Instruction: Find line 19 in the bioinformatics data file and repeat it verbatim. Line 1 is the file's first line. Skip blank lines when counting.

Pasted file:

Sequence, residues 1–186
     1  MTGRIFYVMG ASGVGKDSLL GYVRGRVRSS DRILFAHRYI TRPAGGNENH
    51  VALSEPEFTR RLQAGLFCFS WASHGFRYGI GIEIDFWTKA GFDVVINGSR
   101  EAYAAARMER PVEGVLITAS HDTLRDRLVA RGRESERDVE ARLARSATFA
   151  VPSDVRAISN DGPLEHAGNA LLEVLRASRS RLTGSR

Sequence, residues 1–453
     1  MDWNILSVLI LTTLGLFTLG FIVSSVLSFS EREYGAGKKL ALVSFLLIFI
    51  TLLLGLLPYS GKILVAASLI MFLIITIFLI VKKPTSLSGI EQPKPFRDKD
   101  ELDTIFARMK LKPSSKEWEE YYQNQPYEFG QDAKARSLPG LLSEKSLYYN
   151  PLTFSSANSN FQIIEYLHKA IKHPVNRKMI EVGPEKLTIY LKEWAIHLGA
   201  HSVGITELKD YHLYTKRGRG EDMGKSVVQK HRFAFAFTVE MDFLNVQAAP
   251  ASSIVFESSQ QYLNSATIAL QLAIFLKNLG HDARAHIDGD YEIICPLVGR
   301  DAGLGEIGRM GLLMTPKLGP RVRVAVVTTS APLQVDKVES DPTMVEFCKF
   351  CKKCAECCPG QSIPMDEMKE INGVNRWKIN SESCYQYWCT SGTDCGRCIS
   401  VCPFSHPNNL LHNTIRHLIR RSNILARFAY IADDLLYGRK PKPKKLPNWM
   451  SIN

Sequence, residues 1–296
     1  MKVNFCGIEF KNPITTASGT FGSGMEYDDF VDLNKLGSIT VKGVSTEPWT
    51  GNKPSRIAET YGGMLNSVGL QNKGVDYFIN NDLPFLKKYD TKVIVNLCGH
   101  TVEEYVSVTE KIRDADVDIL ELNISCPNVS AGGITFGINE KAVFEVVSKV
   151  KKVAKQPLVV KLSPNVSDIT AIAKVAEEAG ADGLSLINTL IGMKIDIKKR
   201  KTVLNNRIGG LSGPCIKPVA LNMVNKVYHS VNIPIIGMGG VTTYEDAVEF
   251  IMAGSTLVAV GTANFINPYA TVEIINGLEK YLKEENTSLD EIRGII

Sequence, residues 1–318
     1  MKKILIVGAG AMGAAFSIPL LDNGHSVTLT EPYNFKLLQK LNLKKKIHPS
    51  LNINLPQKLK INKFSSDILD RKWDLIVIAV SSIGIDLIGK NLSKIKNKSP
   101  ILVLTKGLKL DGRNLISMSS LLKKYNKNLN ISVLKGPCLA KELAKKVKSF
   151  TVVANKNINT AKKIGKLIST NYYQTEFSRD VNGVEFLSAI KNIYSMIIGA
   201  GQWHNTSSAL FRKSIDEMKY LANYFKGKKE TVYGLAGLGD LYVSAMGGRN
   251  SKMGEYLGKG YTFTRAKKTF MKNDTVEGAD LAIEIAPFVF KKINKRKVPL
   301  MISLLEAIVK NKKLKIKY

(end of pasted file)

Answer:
    51  GNKPSRIAET YGGMLNSVGL QNKGVDYFIN NDLPFLKKYD TKVIVNLCGH